John T. Dingle

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John T. Dingle
CitizenshipBritish
Known forPhysiology of arthritis
Scientific career
FieldsBiochemistry, rheumatology
Institutions Strangeways Research Laboratory, Cambridge, Hughes Hall, Cambridge
Influenced Zena Werb

John T. Dingle is a British biologist and rheumatologist. He joined the staff of the Strangeways Research Laboratory in 1959 as a research assistant to then-director Honor Fell, and later himself served as director from 1979 to 1993, taking over the position after the death of Michael Abercrombie. [1] [2] :259 His presence at Strangeways helped to move its research direction toward the original research interests of its founder, Thomas Strangeways, who sought to understand the physiology of arthritis and other rheumatic diseases, after many years in which the laboratory specialized more narrowly in tissue culture and cell biology. [1] Dingle was the president of Hughes Hall from 1993 to 1998, and is an honorary fellow. [3] He was the founding chairman of the British Connective Tissue Society (now the British Society for Matrix Biology), serving from 1980 to 1987. [4] From 1975 to 1982 he was Chairman of the Editorial Board of the Biochemical Journal. Among his notable trainees is University of California, San Francisco cell biologist Zena Werb, who was a postdoctoral fellow with Dingle and subsequently worked as a research assistant at Strangeways. [5]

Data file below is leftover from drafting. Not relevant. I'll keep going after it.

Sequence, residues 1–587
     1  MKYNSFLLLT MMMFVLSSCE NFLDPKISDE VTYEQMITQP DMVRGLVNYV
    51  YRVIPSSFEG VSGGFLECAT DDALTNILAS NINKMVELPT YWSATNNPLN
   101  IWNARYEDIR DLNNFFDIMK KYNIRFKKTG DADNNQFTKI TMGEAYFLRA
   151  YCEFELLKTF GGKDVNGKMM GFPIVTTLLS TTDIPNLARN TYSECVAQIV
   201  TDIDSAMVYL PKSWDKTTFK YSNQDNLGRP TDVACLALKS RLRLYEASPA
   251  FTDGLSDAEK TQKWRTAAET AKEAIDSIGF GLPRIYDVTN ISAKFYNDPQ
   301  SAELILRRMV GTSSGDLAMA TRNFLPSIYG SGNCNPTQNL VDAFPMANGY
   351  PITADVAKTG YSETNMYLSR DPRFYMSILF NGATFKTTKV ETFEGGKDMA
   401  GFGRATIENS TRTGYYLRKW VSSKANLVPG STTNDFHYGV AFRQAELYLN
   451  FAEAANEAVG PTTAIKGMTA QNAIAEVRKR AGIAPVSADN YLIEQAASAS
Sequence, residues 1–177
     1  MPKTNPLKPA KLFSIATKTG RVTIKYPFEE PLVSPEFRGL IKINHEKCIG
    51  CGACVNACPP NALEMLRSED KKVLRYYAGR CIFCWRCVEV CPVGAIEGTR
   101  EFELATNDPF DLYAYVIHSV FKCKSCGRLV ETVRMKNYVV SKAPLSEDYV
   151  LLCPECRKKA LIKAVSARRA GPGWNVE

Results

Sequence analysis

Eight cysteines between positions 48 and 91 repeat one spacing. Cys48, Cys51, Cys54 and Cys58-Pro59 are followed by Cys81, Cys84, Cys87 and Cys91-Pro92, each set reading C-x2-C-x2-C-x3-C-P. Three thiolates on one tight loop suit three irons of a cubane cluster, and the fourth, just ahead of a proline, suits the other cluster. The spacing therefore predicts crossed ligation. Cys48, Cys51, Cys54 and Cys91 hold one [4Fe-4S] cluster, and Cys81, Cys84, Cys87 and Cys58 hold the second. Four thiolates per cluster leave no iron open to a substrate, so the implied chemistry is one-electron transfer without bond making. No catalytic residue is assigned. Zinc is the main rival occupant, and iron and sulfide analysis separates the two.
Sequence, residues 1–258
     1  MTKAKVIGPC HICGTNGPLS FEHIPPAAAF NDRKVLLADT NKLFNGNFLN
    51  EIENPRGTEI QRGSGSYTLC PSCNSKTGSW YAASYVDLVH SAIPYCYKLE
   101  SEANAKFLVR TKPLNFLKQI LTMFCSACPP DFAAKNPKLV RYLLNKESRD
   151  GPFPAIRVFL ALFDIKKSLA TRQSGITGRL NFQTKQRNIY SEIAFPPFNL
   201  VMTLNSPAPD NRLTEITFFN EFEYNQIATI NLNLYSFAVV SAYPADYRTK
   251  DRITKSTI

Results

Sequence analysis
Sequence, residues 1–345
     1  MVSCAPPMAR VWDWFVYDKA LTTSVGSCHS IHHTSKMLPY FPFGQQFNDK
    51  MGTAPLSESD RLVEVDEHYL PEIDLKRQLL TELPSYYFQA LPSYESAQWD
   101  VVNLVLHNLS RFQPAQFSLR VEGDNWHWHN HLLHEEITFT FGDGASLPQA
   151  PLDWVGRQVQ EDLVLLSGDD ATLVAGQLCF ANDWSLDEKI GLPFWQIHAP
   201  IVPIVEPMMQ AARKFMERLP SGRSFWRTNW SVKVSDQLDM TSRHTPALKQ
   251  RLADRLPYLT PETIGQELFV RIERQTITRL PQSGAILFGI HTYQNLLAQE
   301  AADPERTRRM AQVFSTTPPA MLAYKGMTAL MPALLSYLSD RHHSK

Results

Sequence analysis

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References

  1. 1 2 Dingle, JT (November 1987). "Seventy five years of arthritis research at the Strangeways Research Laboratory: 1912-87". Annals of the Rheumatic Diseases. 46 (11): 801–3. doi:10.1136/ard.46.11.801. PMC   1003395 . PMID   3322210.
  2. Shils, Edward; Blacker, Carmen (1995). Cambridge women : twelve portraits (1. publ. ed.). Cambridge [u.a.]: Cambridge University Press. ISBN   9780521483445.
  3. "Fellows and Senior Members: John T. Dingle". Hughes Hall, University of Cambridge. Archived from the original on 16 March 2016. Retrieved 4 November 2021.
  4. Ashhurst, Doreen E.; Bailey, Allen J. (September 2005). "The first 25 years" (PDF). British Society for Matrix Biology. Retrieved 15 December 2015.
  5. "ASCB Profiles" (PDF). American Society for Cell Biology. Archived from the original (PDF) on 5 July 2015. Retrieved 14 December 2015.